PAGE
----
In Robin Williams’ passing, my own mortality was reflected back at me.  I suspect that I am not alone in this.  When one of the most joyous, fun-loving, laughter-filled men that recorded history has ever borne witness to can be felled by his own depression, all of our lives seem all the more fragile.  I felt this all the more strongly because I understood, on some basic level, just exactly how it happened.  Humor has ever been my shield in times of difficulty, my sanctuary and safe harbor.  Seeing one of the greats take his own life and be failed by some of the same fortifications I myself have used is indescribable.  It’s an extremely sobering thing to witness, and it effected me in a way that took me a few days to sort through.

I saw a friend on Facebook ask why so many tears were being shed for an actor and comedian, but barely a though goes by for the various soldiers and military men who die out in the field every day.  Normally, I have a similar question in my head at the passing of a celebrity.  For me, at the very least, that’s now what has given rise to my own sadness.  I have been lucky in that my sadness has never been so deep, nor my shadows so dark, that I didn’t have an idea of how to overcome them.  Seeing a man like him pass in this way shows me what my life could have been.  Shows me what might have happened if things were different.

It also reminds me that one of the greatest comedians, a craft I myself attempt to practice in my own way, has just fallen.  It’s emotionally profound on a level that’s hard to articulate.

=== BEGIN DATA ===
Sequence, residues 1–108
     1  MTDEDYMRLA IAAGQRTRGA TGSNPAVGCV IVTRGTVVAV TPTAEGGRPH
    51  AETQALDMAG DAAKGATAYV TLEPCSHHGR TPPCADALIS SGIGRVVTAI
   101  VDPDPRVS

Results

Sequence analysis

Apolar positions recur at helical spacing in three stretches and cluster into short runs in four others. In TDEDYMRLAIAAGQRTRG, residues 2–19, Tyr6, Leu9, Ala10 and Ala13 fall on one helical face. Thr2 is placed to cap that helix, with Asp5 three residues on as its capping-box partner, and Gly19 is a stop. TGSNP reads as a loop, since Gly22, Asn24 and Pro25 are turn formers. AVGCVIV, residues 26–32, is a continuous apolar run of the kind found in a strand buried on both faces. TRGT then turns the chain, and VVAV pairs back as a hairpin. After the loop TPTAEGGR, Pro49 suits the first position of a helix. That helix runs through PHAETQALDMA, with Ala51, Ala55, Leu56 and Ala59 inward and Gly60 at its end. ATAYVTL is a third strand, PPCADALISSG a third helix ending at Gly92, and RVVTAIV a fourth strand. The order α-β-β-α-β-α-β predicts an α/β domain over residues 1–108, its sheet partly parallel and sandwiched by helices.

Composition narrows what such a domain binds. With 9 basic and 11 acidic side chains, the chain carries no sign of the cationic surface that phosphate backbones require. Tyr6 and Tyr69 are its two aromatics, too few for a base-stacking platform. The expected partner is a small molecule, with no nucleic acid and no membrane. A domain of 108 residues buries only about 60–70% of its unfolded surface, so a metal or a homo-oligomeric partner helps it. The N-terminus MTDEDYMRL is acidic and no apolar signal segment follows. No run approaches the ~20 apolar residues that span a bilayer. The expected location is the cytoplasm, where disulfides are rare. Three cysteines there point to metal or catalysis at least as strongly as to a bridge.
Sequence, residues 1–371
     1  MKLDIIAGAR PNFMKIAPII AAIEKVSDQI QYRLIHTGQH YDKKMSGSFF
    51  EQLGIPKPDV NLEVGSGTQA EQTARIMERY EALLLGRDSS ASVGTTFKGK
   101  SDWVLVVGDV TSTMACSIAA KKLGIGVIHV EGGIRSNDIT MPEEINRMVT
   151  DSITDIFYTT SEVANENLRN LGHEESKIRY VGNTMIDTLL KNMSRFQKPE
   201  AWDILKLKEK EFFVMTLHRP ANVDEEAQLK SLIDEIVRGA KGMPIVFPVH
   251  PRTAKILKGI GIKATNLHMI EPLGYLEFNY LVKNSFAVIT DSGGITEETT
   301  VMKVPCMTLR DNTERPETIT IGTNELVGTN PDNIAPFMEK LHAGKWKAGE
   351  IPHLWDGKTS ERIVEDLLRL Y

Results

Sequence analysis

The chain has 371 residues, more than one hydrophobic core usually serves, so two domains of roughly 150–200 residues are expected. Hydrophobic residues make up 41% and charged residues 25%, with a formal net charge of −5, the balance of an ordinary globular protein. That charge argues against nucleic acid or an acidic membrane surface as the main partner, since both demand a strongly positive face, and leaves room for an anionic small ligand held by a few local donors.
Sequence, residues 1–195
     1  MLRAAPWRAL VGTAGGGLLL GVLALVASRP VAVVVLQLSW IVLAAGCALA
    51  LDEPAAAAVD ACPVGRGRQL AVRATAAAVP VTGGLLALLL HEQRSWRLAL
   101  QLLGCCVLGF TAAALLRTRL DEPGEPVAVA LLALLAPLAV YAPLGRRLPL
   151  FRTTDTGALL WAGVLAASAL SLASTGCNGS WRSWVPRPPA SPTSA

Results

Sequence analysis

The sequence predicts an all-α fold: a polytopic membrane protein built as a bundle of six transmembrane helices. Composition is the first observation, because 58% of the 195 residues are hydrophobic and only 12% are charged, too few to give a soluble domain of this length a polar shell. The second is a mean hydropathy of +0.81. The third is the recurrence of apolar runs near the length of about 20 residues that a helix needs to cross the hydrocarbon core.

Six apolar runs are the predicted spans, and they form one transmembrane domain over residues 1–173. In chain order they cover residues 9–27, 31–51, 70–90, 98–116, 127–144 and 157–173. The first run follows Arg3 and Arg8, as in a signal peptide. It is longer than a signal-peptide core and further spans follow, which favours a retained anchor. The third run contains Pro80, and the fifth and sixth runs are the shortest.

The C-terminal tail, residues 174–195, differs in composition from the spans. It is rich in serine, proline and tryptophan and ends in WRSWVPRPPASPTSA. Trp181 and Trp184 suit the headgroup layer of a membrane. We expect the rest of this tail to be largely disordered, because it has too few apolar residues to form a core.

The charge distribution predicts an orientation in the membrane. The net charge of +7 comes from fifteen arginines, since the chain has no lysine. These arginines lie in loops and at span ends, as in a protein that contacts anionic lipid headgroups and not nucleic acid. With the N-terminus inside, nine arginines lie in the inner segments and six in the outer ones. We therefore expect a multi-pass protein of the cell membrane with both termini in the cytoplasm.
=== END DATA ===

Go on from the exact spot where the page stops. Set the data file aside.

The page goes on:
I don’t often ruminate on the dead.  At least on here.  I recognize those people who have passed on before me, related or not, and I attempt to pay them their respects.  For me, however, this is very much a silent recognition.  That’s a personal choice; I don’t feel that anyone who verbalizes there memorials is somehow “doing it wrong”.  I just feel that such recognitions are a private sort of thing, and I’ve felt no pressure or need to make it otherwise.  Maybe this is the start of breaking that trend.  Maybe this is just a moment where I need to grieve a little bit over the passing of a personal hero.  Maybe I just needed to express to the world that I understand.  I don’t know.  It was just in my heart and head, I felt I needed to say something.  So here it is.

In either case, I’d like to hail and salute the life and soul of Robin Williams.  From his work with Charities to his appearances in USO shows, he was a man who made his life’s work creating laughter.  From What Dreams May Come to Patch Adams, he helped people gain a touch of introspection.  It seems in death, he may even help some part of the world take a closer look at depression and suicide.  He was an inspiration to many, myself included, and he changed the world for the better.  I hail a man of brilliance, passion, and depth, whose life meant so much to so many.

May your soul find the destination it seeks, and you find the laughter you have certainly earned.